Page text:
Guide to the Musée Guimet: National Museum of Asian Arts

A Treasury of Asiatic Arts and Cultures

Zen Hokusai Iitsu hitsu,
••• Zen Hokusai Iitsu hitsu, "Chie no Umie", 1832-1834, Musee Guimet. Jean-Pierre Dalbera/Some rights reserved under the Creative Commons License.

First established in 1889 by prolific French art collector Edouard Guimet, this vast museum named after him is one of France's largest and most important collections of art and artifacts from around the Asian continent. Boasting thousands of precious works and art objects-- one of the largest collections outside of Asia--  over 5,500m2 of exhibition space, the National Museum of Asian Arts/Musee Guimet holds treasures from Asian cultures as diverse as Afghanistan, Pakistan, India, China, Japan, Korea, the Himalayas, central Asia and southeast Asia. 5,000 years of rich artistic and cultural heritages shine through in these remarkable collections, and the gorgeous garden and separate Buddhist temple or "Pantheon" are also worth a visit. This is certainly one of the most under-appreciated collections in Paris.

Read related: 3 Best East-Asian arts museums in Paris

Location and Contact Information:

The museum is located in a quiet corner of the elegant 16th arrondissement (district) of Paris, in close reach of the world-famous Champs-Elysees district on one side, and not far away from the beautiful greenery of the  Parc Monceau

Address (Main Museum):
6, place d'Iéna, 16th arrondissement
Buddhist Pantheon: 19, avenue d'Iéna
Metro: Iéna or Boissiere (lines 9 or 6)
Tel : +33 (0)1 56 52 54 33

Visit the official website (in French only)

Access for disabled visitors? Yes. The main museum has a wheelchair-accessible ramp situated to the left of the escalators at the main entrance at 6 place d'Iéna. Elevators and lifts inside allow guests to access all floors. Unfortunately, the Buddhist Patheon is not currently accessible to visitors with limited mobility. 

Read related feature: How accessible is Paris to visitors with limited mobility?

Museum Opening Hours and Tickets:

The museum is open Mondays and Wednesday to Sunday from 10:00 am to 6:00pm.

It's closed on Tuesdays and on French bank holidays May 1st, December 25th (Christmas Day), and on January 1st.

The ticket counter closes at 5:15 pm. Make sure to arrive a few minutes earlier to ensure time to purchase tickets, or risk being turned away. Exposition halls on the 3rd and 4th floors close at 5:30 pm, and the others close at 5:45 pm.

Also be aware that on days before bank holidays, doors close at the museum at 4:45 pm.

Tickets: Visit the official website for current ticket prices (information in French only, unfortunately) and information on special rates for seniors, students, and others. Alternatively, call the information line at +33 (0)1 1 56 52 54 33 (open daily from 10:00 am to 6:00 pm).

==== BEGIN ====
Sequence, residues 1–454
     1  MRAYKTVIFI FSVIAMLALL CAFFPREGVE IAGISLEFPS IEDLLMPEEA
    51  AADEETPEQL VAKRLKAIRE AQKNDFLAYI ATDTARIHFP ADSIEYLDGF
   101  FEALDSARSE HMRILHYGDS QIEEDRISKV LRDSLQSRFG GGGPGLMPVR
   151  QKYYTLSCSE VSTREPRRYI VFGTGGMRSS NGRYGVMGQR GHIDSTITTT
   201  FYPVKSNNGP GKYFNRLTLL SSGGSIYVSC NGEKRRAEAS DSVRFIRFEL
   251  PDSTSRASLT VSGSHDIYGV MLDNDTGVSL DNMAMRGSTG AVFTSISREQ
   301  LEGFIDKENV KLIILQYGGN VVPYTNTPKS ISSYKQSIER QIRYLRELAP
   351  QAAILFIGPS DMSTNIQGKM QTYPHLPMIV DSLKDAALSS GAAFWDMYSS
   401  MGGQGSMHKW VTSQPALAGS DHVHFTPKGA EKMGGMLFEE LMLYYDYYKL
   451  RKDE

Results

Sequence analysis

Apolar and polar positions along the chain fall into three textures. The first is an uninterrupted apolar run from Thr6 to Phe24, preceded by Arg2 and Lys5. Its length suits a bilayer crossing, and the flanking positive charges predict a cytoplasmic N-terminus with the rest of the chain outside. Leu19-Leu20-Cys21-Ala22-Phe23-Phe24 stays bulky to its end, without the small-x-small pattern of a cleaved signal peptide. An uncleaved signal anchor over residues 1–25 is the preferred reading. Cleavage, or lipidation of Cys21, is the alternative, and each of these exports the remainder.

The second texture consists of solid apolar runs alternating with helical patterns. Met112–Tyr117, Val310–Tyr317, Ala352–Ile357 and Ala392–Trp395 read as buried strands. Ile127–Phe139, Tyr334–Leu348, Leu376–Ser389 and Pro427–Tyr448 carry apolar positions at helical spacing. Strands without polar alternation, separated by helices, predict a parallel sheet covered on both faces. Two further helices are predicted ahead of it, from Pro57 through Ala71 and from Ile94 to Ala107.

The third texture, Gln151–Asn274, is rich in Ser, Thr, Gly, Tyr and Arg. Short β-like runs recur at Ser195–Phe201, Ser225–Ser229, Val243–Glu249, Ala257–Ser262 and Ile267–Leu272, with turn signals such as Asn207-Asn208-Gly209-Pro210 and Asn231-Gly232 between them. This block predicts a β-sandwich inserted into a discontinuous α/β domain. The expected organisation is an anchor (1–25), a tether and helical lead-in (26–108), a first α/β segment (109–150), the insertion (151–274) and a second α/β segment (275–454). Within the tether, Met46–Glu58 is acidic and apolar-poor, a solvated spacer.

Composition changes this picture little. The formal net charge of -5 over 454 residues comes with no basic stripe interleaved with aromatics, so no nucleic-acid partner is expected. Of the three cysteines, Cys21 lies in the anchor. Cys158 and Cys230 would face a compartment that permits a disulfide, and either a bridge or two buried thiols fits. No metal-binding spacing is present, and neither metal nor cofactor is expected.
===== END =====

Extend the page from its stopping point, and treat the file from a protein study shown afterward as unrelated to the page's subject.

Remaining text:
Entry is free for all visitors on the first Sunday of every month. 

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Highlights of the Permanent Collection :

The permanent collection at the Musee Guimet is divided into several important collections, including the following:

Afghanistan-Pakistan: Highlights include rare Afghan Buddha figures and other essentially Buddhist artifacts dating from the 1st to the 7th centuries AD.

China: This remarkable collection of Chinese art comprises some 20,000 objects and works spanning seven millenia of Chinese art and culture, up through the 18th century.

Ornate, delicate ceramics, transluscent and precious works in jade and bronze, and objects from daily life such as mirrors are only a few of the highlights that await.

Japan: 11,000 works of art and applied arts (such as swords and decorative armor) await visitors in this section of the museum, which offers a panorama of Japanese artistic achievement from the 3rd to 2nd century BC to the mid-19th century. 

Korea: A magnificent collection of bronzes, ceramics, decorative paintings, furniture, traditional costuming, and many other forms of art from Korea. Some of the collection originates in Japan and was formerly at the Louvre before the Musee Guimet's creation in the late nineteenth century.

India: The galleries dedicated to Indian arts and culture hold a rich collection of sculptures in bronze, wood, stone or clay dating as far back as the 3rd millennium BC.

It also holds an impressive collection of miniature or portable paintings dating from the 15th to the 19th centuries.

Visit this page at the official website for more information on the collections

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